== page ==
You may ask why I am reviewing this tyre. “OnTheBackWheel, this tyre is old! Review the latest and greatest wanky sports tyre.” Yes this tyre is an old model and yes it may not have the wank factor that some of the newer tyres possess, but that doesn’t mean they aren’t still worth buying (and yes you can still buy them!).
So, a little bit about the tyres before I get into how they ride. The BT023 are a sports touring tyre that was released by Bridgestone back in 2010. I find the ‘sports touring’ tag puts a lot of people off, but it shouldn’t. They are still better than most of us and are ultimately just a sports tyre that lasts longer and works well in the wet. The rear tyre has a three layer compound, hard in the centre for commuting work and sticky on the edges for playing in the corners. The front tyre has an angled groove pattern that helps disperse water when you are riding in the wet. If you have a larger touring style bike (FJR, K1200 etc.), the 023’s also come in a GT variety.
Enough jargon, how are the tyres? The first thought that comes to mind with the BT023’s is they are neutral. What do I mean by neutral? Their tip in is progressive and consistent. In fact, this can be said for a lot of Bridgestone’s. They don’t drop in like a full on sports tyre, but nonetheless I had no problems getting a knee down in the mountains. The change of direction is neither on the fast nor slow side, again consistent and predictable. They are pretty bloody hard to fault through the twisties and I pushed them well past legal speeds (on private roads…). Ultimately, if you are only doing mountain riding on a high end sports bike, something like the Bridgestone S21’s are that bit softer, have a steeper profile and will provide better feel. But these tyres can still hustle with the best of them and it’s only when you are well into ‘go straight to jail, do not pass go’ territory that you may notice any real difference.
Where the Bridgestone’s come into their element is on the commute and day to day riding. They don’t square off like a proper sports tyre and will last a full year of riding. For someone like me who does roughly 12000km’s (7500miles) a year, this is gold.
They are much better in the wet than a sports tyre too. I get caught out in the rain frequently on the way to work and I’ve never had any issues with them. The 023’s never squirmed or broke traction on corner exits.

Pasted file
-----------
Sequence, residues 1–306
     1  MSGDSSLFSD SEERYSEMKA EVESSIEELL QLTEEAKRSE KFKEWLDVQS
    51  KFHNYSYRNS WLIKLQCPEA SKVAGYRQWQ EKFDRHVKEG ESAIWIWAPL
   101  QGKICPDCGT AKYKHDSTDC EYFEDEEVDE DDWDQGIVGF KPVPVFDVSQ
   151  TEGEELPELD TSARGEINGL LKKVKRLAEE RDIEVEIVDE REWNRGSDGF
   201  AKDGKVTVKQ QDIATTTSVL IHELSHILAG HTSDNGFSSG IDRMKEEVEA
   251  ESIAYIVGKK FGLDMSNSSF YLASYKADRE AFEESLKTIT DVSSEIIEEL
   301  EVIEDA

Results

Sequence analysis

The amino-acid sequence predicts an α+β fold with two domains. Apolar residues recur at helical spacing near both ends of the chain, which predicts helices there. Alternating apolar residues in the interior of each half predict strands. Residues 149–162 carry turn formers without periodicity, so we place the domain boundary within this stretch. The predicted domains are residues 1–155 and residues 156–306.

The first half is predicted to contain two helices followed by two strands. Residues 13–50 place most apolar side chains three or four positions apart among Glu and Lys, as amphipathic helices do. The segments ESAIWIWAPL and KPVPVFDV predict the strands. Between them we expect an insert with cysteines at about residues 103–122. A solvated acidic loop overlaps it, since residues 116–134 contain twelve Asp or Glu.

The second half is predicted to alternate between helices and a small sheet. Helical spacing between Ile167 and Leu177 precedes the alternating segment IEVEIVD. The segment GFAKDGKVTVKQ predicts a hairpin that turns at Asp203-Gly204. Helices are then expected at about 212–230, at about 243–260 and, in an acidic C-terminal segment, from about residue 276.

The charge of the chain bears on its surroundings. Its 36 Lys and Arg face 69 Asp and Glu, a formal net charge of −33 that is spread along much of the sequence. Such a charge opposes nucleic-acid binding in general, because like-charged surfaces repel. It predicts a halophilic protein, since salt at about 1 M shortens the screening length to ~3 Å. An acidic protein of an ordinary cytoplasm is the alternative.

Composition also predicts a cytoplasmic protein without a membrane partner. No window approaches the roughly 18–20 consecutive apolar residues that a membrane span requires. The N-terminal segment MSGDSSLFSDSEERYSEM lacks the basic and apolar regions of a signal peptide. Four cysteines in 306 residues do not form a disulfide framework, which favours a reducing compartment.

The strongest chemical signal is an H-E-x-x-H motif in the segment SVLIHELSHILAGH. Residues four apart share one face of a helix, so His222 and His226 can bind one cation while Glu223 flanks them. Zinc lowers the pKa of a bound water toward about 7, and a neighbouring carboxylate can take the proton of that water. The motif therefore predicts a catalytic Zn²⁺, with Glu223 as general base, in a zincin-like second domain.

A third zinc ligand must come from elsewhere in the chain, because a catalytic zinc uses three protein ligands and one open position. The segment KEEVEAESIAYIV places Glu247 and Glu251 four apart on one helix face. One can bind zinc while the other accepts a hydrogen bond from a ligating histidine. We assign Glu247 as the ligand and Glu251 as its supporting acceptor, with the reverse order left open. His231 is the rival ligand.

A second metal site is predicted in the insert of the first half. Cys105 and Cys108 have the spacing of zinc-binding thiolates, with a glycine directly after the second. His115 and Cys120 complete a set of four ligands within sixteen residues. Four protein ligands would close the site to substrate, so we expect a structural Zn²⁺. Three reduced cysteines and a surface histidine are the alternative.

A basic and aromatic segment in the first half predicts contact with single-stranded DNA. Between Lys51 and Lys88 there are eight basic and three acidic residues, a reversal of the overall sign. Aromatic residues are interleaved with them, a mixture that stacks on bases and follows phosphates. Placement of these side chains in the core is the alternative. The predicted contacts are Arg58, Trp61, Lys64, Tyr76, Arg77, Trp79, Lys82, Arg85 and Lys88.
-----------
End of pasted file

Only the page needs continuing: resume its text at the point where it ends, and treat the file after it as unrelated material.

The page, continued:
How about on the track? I’d honestly have no hesitation using them on a track day. Look, they are not going to be as good as a proper sports tyre let alone slicks, but if you are in the slow to intermediate group, these will be fine.
In terms of tyre life, expect up to 15000km’s (9000miles) from a set. That’s damn good going, especially factoring in their price.
For my USA based readership, you can get them from http://www.bikebandit.com for $228 a set delivered. That’s stupidly cheap for what is a solid tyre. If you haven’t heard of Bikebandit, they are probably the best motorcycle parts store getting around at the moment. They also have a massive sale on Bridgestone motorcycle tires. For my Aussie readers, hit me up and I’ll find some deals for you.
So even though the BT023’s are old as the hills should you buy them? Yes, but only if you get them for the right price. When looking at new tyres, I generally have a few in mind then check prices. The 023’s have been usurped by the T30’s and if they are the same price or cheaper, get them. I had BT023’s on my Cagiva Raptor 1000 and then T30’s on my ZX10. I like both more than the Michelin Pilot Road 4’s (and they are significantly cheaper). I found the T30’s to be very similar to the BT023’s, but they have a slightly higher dry performance ceiling.
If you want a budget sports tyre with a bit of longevity, the BT023’s are hard to go past. And if you look realistically at the kind of riding you are doing, this style of tyre is probably more than enough for your street bike.
Keep it OnTheBackWheel people…